reCALL – License Key & Password Recovery Tool

recall-featureThese types of password and license key recovery tools have been around for quite a while but it’s been some time since a new one was released. “reCALL” comes from developer Maciej Kaczkowski in Poland. The developer’s site is in Polish, naturally enough, but when I asked Google to translate the page into English, I was informed that it was already in English…. huh?

Clearly the page is in Polish but there is more than one way to skin a cat – copying and pasting text from the page into Google Translate correctly identified the language as Polish and presented the following interpretation:

Recall allows you to quickly recover passwords from more than 200 programs ( email , web browsers , instant messengers , FTP clients , wireless , etc. ) and license keys from more than 2,800 applications . Recall is the world’s first program that allows you to recover most passwords and licenses also from damaged operating systems through native support of the registry files from Windows systems . With the unique feature emulation FTP , POP3 and SMTP can recover passwords from any application that supports these protocols , even if the program is not yet supported.

The installable version of reCALL is available direct from the developer and listed for download on MajorGeeks here: but there is also a portable version available on the developer’s site here:

recall - download portable

  • Make sure to click on the link just below the green button, as indicated in the screenshot.

reCALL Portable – Download & Usage

Download consists of a 2.5 MB zip folder extracting to 5.5 MB. The file is flagged by 2 out of 55 antiviruses through Virus Total as a “Hack Tool”  but that is pretty standard for these types of tools because antivirus engines are flagging the potential for malicious use – it is not a concern.

To run the program just double click the extracted executable and you’ll be presented with reCALL’s simple interface:

recall - main interface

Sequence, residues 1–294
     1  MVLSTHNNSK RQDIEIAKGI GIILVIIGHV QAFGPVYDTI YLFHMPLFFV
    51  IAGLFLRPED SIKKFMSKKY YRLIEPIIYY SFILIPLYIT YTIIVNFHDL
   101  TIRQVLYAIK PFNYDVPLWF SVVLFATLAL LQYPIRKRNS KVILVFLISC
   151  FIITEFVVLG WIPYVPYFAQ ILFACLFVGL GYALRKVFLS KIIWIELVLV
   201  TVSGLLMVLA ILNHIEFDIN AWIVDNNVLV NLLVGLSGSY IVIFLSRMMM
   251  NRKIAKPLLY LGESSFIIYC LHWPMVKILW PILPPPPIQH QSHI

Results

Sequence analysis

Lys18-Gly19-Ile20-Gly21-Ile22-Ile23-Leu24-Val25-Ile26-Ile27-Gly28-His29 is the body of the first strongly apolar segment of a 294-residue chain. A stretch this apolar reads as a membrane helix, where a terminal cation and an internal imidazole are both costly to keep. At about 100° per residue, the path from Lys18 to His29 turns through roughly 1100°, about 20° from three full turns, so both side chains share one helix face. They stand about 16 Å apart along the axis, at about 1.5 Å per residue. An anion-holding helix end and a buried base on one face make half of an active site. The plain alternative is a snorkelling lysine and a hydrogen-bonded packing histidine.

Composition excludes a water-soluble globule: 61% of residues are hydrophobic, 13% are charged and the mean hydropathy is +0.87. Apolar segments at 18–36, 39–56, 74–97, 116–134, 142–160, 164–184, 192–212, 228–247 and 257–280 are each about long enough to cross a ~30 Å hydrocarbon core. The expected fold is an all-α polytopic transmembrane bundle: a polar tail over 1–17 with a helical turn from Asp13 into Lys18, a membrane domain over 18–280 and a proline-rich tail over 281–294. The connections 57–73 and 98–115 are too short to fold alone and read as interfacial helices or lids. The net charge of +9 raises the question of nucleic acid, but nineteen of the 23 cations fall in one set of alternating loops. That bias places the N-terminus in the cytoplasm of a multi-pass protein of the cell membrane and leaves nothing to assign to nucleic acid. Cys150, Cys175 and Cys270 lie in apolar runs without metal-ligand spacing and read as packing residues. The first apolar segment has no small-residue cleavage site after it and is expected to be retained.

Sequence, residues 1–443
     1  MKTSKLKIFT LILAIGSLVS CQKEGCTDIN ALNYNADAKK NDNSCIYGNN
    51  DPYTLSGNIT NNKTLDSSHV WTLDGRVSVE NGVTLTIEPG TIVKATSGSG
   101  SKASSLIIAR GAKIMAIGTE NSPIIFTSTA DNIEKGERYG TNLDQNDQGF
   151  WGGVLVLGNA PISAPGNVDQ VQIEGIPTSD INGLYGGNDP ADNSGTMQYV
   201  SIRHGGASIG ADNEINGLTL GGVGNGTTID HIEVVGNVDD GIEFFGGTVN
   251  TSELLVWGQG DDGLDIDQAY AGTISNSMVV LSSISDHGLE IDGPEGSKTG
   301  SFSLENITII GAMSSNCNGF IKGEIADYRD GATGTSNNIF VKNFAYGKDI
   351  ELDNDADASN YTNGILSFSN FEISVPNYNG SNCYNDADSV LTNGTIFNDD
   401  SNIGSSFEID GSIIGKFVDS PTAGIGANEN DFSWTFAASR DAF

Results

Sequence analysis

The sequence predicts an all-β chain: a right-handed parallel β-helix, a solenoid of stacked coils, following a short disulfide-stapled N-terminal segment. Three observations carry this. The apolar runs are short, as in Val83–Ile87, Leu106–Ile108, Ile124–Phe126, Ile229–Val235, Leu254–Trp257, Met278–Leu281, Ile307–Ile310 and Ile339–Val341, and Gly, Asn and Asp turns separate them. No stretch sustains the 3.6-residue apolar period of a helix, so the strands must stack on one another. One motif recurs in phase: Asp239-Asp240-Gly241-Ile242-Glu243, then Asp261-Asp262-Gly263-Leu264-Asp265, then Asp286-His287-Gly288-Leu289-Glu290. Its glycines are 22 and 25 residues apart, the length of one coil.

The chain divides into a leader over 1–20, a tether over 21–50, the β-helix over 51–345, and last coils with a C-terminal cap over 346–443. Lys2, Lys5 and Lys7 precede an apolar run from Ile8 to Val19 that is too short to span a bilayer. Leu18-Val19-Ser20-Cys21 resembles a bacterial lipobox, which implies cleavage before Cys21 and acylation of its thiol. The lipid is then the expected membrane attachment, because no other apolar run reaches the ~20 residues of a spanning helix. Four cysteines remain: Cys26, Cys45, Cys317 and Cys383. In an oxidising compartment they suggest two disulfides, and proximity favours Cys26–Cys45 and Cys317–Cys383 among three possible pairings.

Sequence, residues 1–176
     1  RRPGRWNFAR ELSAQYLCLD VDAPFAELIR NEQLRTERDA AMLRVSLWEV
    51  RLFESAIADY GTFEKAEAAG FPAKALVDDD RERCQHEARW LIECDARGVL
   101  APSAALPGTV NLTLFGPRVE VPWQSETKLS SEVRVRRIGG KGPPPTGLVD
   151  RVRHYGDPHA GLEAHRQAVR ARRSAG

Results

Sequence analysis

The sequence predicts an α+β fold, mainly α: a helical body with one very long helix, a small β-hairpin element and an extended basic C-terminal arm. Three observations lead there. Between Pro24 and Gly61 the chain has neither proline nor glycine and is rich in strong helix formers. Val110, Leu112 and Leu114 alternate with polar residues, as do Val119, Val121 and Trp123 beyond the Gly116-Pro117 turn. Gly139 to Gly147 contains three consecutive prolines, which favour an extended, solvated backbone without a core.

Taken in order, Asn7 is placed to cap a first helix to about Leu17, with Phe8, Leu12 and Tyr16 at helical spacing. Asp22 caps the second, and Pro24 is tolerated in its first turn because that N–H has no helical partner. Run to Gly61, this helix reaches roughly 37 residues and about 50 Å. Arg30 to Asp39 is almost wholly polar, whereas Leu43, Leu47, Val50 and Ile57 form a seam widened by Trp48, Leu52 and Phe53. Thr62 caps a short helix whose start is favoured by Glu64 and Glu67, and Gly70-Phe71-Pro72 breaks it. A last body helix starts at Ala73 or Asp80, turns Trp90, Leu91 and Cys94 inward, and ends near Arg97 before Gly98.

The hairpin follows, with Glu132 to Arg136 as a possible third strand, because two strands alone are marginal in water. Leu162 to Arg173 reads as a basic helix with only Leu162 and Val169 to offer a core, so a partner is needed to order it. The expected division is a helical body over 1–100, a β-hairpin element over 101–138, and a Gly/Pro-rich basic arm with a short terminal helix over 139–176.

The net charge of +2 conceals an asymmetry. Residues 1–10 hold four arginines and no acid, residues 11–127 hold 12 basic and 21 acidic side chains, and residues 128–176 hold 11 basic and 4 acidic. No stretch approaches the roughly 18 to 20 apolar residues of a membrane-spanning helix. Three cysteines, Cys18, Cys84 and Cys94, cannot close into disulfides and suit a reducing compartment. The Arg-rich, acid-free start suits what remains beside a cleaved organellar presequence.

“Automatic recovery” is enabled by default, just click Next to begin the scan:

recall - scanning

The scan does take quite a while, around 20 minutes on my mature Windows 7 operating system. While the scan is certainly very thorough, the bulk of license keys on my system were identified during the initial 3 minutes or so, with the rest of the scan revealing very little additional information.

The software did a pretty good job of identifying licensed installations, including Windows 7 and Microsoft Office license keys as well as some of the more popular (or common) software, but in some cases it incorrectly displayed the product ID rather than the actual license key. It also correctly identified the license key for Snagit 9 but for some reason failed to identify Snagit 11, both of which are installed on my system.

The license key displayed for Acronis TrueImage wasn’t even close to the correct one – I have it written down so could easily make the comparison – no idea what went wrong there. I’ve always found these types of tools to be a tad hit and miss, and reCALL is no exception – of course, your mileage may vary.

Clicking Next at the completion of the scan will present options to save the results in a number of formats:

recall - export formats

I found both the CSV and Text options to be disappointingly messy with by far the best organized being HTML There is also an option to scan for email password recovery – if you refer back to the first screenshot you’ll see it under “Sever emulation”. Enabling that option presents the following screen:

recall - email passwords

Frankly, I couldn’t be bothered going through that rigmarole. The portable MailPassView from Nirsoft is by far the better option for this particular function, all you have to do is just run it.

reCALL Portable – Bottom Line

Personally, I found reCALL to be more capable than most similar free offerings and the availability of a portable version is always a plus. Definitely one for the toolbox.


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About the Author

Jim Hillier

Jim is the resident freeware aficionado at DCT. A computer veteran with 30+ years experience who first started writing about computers and tech back in the days when freeware was actually free. His first computer was a TRS-80 in the 1980s, he progressed through the Commodore series of computers before moving to PCs in the 1990s. Now retired (aka an old geezer), Jim retains his passion for all things tech and still enjoys building and repairing computers for a select clientele... as well as writing for DCT, of course.

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